Miniature tasting plates were piled high with assortments of sweet and savory goodies at the second annual Taste Williamsburg Greenpoint.
The Sept. 18 tasting event, which raised money for the Northside Town Hall, a project to turn an empty firehouse into a community center, featured live music, free-flowing alcohol and creative interpretations of classic ethnic and American dishes.
We started our afternoon of gluttony at the Rabbithole with some of the Williamsburg bistro’s famous banana crème pie. The decadent dessert was creamy and sweet without being cloying, and the flavor of fresh bananas shone through. It was utterly delicious—and more than a bit addictive.
The bistro also served drinks like the agave sprig, a musky, sweet cocktail that combined tequila, St. Germain, Angostura bitters, lime and thyme.
Next up were the savory bruschettas from the Sweetwater Restaurant. Among the varieties on offer from the Williamsburg restaurant were roasted beet with ricotta cheese, butternut squash with spicy sausage and roasted eggplant sprinkled with goat cheese.
The squash was flavorful with just a hint of sweetness and spice, but the eggplant really stole the show. The crumbly cheese brightened the velvety vegetable in each mouthwatering bite.
The vegetable Vietnamese sandwiches from An Nhau were another highlight of the day. The sandwich was piled high with tofu, mushrooms, cucumbers and shredded carrots in a sweet and tart sauce that balanced out the blandness of the white bread.
The grilled veggie maki rolls with artisan goat cheese from the newly opened Fat Goose were also a hit with hungry patrons, who gobbled them up. Cucumber strips were rolled around eggplant, zucchini and goat cheese then topped with balsamic vinegar and tapenade. Zucchini, with its distinct flavor, was the star of this fresh treat.
“It’s elegant and flavorful,” said executive chef Jennifer Cole. “It’s healthy but satisfying.”
We were lured to the Trix booth by the scrumptious-looking kaffir lime panna cotta topped with strawberry compote and a caramelized lime. The dessert, while smooth and creamy, was surprisingly bland—though the citrus kiss of lime lingered on the tongue.
The Williamsburg restaurant’s smoked trout mousse with pickled onions and dill was much better, though it was reminiscent of the creamy onion dips found on the shelves of grocery stores.
The crispy pork skin from Calyer was an unexpected surprise. The crunchy snack, topped with Romesco sauce and red-chile-and-almond-garlic sauce, was airy and utterly addictive.
“I like to be able to utilize all aspects of a pig,” said sous chef John Ratcliff. “The skin itself is good. It’s kind of like chips and dip.”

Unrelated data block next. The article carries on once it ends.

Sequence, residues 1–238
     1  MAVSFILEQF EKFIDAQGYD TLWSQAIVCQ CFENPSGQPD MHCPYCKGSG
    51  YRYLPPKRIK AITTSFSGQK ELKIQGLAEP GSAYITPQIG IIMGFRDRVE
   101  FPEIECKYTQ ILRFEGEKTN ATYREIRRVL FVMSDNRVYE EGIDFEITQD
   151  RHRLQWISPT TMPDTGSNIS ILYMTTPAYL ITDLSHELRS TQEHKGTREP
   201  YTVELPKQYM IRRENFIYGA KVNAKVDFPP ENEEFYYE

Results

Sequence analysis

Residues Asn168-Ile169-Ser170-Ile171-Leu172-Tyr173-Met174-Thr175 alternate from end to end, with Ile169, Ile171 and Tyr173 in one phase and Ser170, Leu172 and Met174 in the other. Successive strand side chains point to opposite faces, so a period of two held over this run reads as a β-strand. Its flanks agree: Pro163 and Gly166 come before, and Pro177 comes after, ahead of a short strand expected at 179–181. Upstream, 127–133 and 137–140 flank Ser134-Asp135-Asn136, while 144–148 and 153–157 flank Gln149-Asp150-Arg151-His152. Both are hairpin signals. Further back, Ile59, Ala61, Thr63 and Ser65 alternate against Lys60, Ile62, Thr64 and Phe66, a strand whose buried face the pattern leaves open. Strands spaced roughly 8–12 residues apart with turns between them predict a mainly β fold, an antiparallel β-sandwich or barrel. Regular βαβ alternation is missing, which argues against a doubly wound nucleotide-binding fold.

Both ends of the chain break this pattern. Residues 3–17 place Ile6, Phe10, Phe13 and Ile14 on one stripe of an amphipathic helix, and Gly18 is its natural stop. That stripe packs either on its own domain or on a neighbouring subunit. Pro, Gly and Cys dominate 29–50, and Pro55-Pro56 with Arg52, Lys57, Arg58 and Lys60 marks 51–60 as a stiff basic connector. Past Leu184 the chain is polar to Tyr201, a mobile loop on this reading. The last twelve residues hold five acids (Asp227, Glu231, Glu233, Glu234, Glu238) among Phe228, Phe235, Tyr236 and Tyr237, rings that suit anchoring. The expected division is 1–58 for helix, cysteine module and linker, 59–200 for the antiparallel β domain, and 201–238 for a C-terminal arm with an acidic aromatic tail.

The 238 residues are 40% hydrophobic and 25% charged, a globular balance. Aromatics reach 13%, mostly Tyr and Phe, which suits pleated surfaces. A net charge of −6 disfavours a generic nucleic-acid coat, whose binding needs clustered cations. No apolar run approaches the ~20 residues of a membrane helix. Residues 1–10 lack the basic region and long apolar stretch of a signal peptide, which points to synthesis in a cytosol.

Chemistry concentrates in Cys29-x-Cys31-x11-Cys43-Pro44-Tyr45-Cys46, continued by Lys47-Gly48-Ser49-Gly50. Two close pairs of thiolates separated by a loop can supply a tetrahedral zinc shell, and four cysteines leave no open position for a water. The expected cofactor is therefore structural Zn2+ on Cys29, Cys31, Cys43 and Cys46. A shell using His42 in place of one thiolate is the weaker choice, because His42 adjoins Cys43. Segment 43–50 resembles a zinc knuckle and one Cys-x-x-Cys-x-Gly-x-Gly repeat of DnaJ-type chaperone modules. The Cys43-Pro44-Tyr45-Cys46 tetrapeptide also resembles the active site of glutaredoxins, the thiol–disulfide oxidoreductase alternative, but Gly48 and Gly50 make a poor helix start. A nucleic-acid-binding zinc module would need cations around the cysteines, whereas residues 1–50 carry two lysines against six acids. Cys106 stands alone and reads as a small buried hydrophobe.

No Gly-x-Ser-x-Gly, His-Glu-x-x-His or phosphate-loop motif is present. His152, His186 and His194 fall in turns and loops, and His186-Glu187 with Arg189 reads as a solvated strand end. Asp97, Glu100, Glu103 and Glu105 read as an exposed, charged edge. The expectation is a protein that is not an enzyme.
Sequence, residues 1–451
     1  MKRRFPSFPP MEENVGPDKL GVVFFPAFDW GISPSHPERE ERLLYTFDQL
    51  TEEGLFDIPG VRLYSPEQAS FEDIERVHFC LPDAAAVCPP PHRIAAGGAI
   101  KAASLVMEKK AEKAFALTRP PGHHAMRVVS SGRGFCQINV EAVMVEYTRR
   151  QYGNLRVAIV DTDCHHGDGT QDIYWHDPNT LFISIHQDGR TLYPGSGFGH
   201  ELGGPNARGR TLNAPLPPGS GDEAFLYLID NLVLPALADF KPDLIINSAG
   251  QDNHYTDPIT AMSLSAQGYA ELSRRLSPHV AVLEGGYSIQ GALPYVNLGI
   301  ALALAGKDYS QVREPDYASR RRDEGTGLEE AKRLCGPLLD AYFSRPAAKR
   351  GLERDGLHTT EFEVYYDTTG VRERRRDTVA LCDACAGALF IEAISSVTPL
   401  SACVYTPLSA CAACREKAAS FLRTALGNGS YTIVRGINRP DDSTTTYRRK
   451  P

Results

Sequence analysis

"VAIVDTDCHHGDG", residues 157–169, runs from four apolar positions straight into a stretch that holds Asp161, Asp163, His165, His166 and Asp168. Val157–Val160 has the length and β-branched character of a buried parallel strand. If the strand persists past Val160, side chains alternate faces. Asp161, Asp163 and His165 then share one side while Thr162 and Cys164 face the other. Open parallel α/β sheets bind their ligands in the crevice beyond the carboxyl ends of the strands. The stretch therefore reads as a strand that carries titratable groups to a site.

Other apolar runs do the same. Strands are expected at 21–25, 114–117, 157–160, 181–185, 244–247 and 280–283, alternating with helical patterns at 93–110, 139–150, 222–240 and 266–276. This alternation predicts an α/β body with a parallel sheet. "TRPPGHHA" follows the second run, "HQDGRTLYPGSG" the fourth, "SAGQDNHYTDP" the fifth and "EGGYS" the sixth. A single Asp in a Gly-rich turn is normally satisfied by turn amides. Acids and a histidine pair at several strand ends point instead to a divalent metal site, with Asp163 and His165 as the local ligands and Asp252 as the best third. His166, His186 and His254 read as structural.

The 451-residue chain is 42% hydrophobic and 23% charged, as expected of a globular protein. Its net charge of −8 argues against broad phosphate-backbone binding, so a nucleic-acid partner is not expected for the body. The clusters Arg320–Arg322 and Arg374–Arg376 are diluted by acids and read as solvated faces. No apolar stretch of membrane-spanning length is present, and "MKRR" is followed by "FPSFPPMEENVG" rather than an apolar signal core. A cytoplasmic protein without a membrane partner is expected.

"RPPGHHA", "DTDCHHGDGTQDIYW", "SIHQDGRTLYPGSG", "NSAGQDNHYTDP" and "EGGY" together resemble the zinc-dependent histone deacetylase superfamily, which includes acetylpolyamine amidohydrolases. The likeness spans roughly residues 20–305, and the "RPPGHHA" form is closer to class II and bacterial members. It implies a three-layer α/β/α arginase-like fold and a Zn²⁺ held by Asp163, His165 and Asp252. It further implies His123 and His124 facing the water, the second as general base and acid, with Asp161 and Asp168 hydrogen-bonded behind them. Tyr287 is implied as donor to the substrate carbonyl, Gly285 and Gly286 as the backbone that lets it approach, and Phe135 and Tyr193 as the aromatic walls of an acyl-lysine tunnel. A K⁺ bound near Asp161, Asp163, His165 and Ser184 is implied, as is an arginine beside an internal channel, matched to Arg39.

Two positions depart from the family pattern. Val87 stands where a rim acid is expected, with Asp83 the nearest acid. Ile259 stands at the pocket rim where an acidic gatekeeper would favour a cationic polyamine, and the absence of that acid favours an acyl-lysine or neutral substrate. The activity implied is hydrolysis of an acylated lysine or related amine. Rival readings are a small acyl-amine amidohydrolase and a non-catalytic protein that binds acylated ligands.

The crab apple tartar with house-cured pork belly from Cafe Colette was another porcine standout. The apple lent the dish a sweetness that was nicely tempered by the pork.
The porchetta alla romana from Aurora was another hit. The whole pig was butchered in the restaurant, and portions of it were ground up, seasoned with fennel pollen, stuffed into the loin, and then rolled up. The finished dish was both hearty and delicious.
The roast beef sliders with horseradish au jus from the Two Door Tavern, another recent Williamsburg addition, were plump sandwiches stuffed with fall-off-the-bone-tender meat. The horseradish added a pleasantly hot zing to the slider but didn’t overpower the sandwich.
The white bean duck cassoulet was lovingly dished out by Le Barricou’s executive chef Jose Soto, who explained how the bird was stuffed and baked for two hours then cooled, de-stuffed and reheated. That process rendered the poultry tender, just a bit smoky and utterly delicious.
The squash and quinoa salad from Lighthouse was another favorite of the afternoon. The quinoa added a nutty crunch to the mixture of roasted kabocha, summer squash, walnuts and queso fresco, while the addition of jalapeños added subtle heat.
Chef Nicholas Cox said the dish was inspired by the changing seasons. “You really tangibly feel the end of the summer and the beginning of fall,” he said.
The mini pabellon criollo from Caracas Arepa Bar left us swooning. The shredded beef was tender with just the right amount of spice, while the plantains balanced the dish with their oozy sweetness.
The melon gazpacho from D.O.C. Wine Bar cooled our palates a bit. The smooth, sweet cantaloupe was complemented by crunchy onions that added an extra oomph to the chilled soup.
“There’s a sweetness balanced with a little bit of acidity and the tartness of peppers and onions,” said executive chef Stefano Baldantoni.
Additional reporting by Kelly Schott